The antics of the Davies brothers would be of no more concern to us than those of the Krays (the West End gangster brother duo who wanted Ray and David to play them in a film) were it not for the pure and enduring quality of the music they created. Perhaps it was the friction between them that threw off the heat; perhaps it was something genetic. (The family was a musical one, always singing around the piano, and between the sisters and their men the boys grew up listening to everything from Hank Williams to Django Reinhart.) But with the help of a crummy little eight-watt valve amplifier -- "the green amp" -- the boys set out on a sort of religious quest, a search for a sound. Dave violated that amp; he slashed it with a razor and stuck hat pins in it, finally plugging it into another, larger amplifier for the boys' live shows.

"As it vibrated it produced a distorted and jagged roar," writes Dave. "In fact, the original set-up was so crude that the main amp's hum was almost as loud as the sound I had created. A sound was born, but I didn't know it at the time."

That sound was immortalized in the opening chords of "You Really Got Me," but only after Ray insisted on a costly second session; prissy engineers, pointing to George Martin's success with the Beatles, had cleaned up the original, but the Davies boys knew it didn't sound right, it didn't sound live. "It doesn't make me want to drop my knickers," was how Dave's girlfriend summed up the problem with the sanitized version. When the second was recorded, in two takes, everyone present knew they were witnessing something special. Soon the song was monster, and everywhere was the sound of dropping knickers.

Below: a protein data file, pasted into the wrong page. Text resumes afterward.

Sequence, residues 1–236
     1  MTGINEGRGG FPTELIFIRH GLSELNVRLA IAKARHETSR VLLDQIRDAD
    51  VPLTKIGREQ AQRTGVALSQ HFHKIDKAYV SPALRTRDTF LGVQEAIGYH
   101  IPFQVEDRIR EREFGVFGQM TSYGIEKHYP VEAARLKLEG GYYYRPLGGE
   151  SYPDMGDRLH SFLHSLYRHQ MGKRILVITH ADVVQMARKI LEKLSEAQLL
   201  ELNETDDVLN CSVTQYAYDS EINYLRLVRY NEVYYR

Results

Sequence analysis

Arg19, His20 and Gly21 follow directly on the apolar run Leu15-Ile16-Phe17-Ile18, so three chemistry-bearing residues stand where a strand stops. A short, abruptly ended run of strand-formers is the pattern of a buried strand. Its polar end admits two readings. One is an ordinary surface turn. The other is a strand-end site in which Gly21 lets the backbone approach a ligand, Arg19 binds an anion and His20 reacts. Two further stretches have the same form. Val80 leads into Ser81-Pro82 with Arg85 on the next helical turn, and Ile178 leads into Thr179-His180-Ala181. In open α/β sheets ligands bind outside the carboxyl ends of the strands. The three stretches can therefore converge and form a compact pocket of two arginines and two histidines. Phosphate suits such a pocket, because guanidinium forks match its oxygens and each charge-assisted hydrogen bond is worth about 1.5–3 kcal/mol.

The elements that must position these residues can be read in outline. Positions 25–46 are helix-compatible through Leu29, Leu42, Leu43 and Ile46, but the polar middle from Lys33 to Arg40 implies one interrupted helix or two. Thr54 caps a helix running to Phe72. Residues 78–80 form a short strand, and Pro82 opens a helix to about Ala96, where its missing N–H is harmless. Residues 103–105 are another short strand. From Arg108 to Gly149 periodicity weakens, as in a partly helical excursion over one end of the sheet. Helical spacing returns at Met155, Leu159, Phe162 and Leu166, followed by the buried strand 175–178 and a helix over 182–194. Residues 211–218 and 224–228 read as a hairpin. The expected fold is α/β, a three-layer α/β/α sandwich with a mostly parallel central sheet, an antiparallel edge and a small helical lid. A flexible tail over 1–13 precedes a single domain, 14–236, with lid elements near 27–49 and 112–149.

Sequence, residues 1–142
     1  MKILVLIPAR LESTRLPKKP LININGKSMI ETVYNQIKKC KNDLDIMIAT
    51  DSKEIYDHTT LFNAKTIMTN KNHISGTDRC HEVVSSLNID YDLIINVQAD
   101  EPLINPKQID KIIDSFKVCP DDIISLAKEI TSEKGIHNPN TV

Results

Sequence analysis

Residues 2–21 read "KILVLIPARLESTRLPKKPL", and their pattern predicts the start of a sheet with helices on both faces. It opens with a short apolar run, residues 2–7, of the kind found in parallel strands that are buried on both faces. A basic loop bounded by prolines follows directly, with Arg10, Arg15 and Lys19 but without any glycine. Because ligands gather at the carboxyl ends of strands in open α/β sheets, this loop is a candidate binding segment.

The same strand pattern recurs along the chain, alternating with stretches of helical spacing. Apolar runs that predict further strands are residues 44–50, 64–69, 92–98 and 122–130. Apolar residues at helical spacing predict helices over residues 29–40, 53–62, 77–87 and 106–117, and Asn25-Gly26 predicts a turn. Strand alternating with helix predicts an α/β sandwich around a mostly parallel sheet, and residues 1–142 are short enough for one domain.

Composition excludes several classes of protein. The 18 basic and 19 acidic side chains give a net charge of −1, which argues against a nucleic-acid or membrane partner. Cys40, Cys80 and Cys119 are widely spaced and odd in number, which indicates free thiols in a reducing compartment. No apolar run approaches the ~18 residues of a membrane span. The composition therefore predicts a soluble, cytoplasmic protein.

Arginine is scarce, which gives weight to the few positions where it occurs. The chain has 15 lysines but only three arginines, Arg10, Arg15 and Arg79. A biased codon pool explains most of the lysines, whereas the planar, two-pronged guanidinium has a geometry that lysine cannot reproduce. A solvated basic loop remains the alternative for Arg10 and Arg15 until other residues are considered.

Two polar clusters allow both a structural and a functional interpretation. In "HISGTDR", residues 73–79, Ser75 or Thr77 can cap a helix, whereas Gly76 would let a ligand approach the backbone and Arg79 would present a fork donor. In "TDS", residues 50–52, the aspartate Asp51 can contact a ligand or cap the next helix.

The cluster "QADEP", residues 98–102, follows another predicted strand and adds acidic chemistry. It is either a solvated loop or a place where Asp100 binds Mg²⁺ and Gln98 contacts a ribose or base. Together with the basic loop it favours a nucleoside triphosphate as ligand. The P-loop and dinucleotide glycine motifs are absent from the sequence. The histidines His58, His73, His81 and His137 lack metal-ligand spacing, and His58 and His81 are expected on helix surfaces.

In the wake of the Beatles' success came a million bands, each with a sound and a gimmick: The Dave Clark Five goose-stepped to "Bits and Pieces," while the Kinks (who had been the Ramrods, the Ravens and the Bo Weevils before) were dressed in hunting coats and frilly shirts. Despite the silliness of their trappings, the Kinks found a sound as varied as their musical heritage and showed an unerring instinct for staying out of step with the trends of the day: As other bands veered into psychedelia in the late '60s, the Kinks began to pay homage to music-hall numbers; while others preached rebellion, Ray sang of preservation; at the beginning of the summer of love, the band released its sad masterpiece, "Waterloo Sunset."

The Kinks did much to add a splash of angst to pop's soda (it's no wonder Wim Wenders loved them so) and they never lost touch with their anger. When punk's progenitors began calling for the heads of all '60s survivors, the Kinks' names were not on the list. This was partly out of respect for their early records, their grappling with feelings of sexual confusion ("Lola" was the first top-10 song about a transvestite encounter) and their enduring odes to feelings of worthlessness and isolation. "Dead End Streets" and "I'm Not Like Everybody Else" sound as fresh and desperate as they did 30 years ago.

The Kinks stumble on today, making the odd record, which almost always features one song of note. "Phobia," from 1993, is a rather pitiful excuse for an album, but it does include the duet "Hatred" ("It's the only thing that lasts forever"), sung with great feeling by Ray and Dave. Humor has always been the band's saving grace, and though Ray often seems more bitter than amused and Dave now channels souls with different odors (when he's not watching out for UFOs), there's hope that the two might write another song together -- something along the lines of "Where Have All the Good Times Gone."

That is, if they don't kill each other first.

Sean Elder

Sean Elder is a frequent contributor to Salon.